The role that the breeding herd can play in setting up a growing pig population for Salmonella disease has not been well defined. Field studies on Salmonella infection in suckling piglets are few and far between. As you can imagine it is not easy to obtain large numbers of the ideal diagnostic samples such as tonsils or mesenteric lymph nodes from weaned pigs. Most studies rely on rectal swabs. These researchers had access to the intestinal tracts of 495 4 week old weaned pigs that were being sold for human consumption. These pigs came from five Salmonella-seropositive breeding farms.
The findings from this study were as follows:
- prevalence of both infection and shedding was high (≈ 36%) Major serotypes found in piglets included 4,,12:i: (35.4%), Rissen (17.1%), Derby (10.9%) and Bovismorbificans (10.3%).
- In 72.8% of the infected pigs the same serotype was found in mesenteric lymph nodes and feces.
- Significantly higher ELISA OD% values were found in meat juice samples from non-infected piglets compared to infected ones (median OD% of 12.0 and 17.3, respectively; P = 0.002) suggesting some protective effect of sow’s colostrum.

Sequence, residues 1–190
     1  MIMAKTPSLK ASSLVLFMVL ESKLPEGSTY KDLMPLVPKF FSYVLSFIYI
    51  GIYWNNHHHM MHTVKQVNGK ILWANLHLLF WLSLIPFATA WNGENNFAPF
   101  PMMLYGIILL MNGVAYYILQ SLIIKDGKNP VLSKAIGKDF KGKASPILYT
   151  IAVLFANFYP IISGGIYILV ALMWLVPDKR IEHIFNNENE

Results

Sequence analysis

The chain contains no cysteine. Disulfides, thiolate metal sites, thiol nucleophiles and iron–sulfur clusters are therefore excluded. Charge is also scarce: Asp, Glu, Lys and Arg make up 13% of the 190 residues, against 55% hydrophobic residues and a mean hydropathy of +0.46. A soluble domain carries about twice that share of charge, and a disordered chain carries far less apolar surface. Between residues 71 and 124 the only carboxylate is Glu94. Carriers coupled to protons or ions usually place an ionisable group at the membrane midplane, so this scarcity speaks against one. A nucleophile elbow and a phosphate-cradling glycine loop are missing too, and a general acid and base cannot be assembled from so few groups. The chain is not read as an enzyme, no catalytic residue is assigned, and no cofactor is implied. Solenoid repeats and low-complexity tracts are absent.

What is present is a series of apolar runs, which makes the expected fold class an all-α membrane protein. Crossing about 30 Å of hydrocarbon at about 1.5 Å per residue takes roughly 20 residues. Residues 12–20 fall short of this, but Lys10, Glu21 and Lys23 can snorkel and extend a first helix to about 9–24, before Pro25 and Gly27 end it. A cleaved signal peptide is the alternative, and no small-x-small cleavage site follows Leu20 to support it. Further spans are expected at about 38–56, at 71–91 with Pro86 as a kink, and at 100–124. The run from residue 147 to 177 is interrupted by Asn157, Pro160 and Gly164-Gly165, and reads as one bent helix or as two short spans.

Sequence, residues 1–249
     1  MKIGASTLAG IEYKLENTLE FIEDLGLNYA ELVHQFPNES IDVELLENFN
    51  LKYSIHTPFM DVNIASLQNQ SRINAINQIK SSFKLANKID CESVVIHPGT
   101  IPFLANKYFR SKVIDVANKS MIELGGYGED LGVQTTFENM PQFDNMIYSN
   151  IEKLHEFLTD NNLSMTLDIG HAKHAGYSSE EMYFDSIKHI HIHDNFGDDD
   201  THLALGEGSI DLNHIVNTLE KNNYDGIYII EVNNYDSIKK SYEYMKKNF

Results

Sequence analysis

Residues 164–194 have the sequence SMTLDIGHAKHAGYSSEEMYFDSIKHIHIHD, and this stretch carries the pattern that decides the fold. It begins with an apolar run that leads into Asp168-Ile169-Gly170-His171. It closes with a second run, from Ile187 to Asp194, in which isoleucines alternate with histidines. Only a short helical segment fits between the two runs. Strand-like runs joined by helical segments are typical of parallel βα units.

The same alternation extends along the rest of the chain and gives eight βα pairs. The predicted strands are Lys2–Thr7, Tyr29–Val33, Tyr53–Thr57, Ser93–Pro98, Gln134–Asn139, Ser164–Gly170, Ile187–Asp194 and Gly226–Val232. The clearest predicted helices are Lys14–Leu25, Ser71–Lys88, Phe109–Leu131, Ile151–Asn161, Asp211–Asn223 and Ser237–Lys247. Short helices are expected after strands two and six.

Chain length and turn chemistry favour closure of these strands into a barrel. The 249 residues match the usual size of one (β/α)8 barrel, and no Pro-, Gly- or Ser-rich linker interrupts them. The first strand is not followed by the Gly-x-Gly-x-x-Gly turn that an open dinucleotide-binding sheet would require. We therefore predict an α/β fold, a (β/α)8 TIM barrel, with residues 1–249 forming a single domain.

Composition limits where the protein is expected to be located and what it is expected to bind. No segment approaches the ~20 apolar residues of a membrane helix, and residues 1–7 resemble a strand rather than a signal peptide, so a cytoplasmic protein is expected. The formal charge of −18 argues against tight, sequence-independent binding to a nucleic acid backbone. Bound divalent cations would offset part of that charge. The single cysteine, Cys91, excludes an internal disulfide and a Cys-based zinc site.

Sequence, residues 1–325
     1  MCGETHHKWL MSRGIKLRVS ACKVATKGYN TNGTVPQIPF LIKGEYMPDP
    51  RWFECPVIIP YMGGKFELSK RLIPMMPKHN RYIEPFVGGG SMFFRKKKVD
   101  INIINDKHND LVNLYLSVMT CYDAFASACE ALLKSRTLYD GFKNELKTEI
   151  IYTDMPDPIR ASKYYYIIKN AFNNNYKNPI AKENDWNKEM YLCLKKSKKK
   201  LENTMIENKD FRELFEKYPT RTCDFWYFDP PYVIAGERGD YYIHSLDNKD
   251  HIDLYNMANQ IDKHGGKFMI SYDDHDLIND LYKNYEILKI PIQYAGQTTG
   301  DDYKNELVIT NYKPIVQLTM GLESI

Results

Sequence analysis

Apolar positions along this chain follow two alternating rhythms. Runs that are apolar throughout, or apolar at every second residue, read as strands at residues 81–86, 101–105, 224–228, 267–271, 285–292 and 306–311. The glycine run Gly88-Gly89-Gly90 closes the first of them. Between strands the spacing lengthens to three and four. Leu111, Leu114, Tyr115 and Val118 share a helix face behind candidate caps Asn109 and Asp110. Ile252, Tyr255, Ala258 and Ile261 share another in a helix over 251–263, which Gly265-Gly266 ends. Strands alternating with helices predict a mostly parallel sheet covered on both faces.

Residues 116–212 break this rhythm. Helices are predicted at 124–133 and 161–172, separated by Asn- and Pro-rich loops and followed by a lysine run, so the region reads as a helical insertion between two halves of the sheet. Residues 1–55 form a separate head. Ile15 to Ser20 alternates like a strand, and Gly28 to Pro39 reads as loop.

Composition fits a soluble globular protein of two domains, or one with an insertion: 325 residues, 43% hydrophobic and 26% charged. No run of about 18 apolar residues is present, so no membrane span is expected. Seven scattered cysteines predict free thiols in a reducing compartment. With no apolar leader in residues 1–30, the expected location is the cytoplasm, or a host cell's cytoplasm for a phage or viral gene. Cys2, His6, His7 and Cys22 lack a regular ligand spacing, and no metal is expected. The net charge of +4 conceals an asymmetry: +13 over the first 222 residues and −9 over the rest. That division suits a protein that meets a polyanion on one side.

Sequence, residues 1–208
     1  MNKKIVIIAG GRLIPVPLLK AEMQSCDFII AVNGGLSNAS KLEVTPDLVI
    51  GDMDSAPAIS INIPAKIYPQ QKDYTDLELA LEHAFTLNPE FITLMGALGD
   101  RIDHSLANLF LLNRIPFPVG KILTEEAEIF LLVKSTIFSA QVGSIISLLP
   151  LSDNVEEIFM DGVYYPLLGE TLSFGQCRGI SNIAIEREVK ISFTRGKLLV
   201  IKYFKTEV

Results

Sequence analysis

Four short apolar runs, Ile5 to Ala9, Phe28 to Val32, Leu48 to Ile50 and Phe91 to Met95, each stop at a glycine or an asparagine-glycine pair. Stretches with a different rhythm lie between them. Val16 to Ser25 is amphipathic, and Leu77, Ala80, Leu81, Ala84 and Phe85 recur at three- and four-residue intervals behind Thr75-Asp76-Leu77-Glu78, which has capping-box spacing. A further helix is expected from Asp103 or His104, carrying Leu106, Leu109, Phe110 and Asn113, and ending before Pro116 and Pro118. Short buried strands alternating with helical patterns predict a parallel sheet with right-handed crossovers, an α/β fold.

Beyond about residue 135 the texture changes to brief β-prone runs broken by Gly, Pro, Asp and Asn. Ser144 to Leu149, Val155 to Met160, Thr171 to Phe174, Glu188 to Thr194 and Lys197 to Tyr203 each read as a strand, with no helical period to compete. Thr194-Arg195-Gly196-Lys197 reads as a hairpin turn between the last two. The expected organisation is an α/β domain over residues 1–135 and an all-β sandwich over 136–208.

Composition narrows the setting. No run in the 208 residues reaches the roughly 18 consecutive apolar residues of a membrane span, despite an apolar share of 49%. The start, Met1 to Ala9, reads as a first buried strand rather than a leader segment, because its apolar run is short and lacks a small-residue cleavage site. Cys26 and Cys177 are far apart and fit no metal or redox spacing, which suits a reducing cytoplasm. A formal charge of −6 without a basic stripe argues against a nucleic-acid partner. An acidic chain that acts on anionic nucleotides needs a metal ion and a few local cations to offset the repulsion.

- Salmonella was also isolated from feces from weaned sows contemporary of the slaughtered piglets, and 89% of the serotypes identified in sows were also detected in piglets
- Pulsed field gel electrophoresis analyses showed that 75% of the piglet isolates that were compared to those of sows were related to them, suggesting the circulation of Salmonella strains between sows and piglets.
Take Home Message
- Piglets are an important component of on farm Salmonella maintenance.
- A disease control plan for Salmonella in the growing pig should include an assessment for the potential to reduce infective pressure that arises at the sow herd.
Submitted by Brent Jones, DVM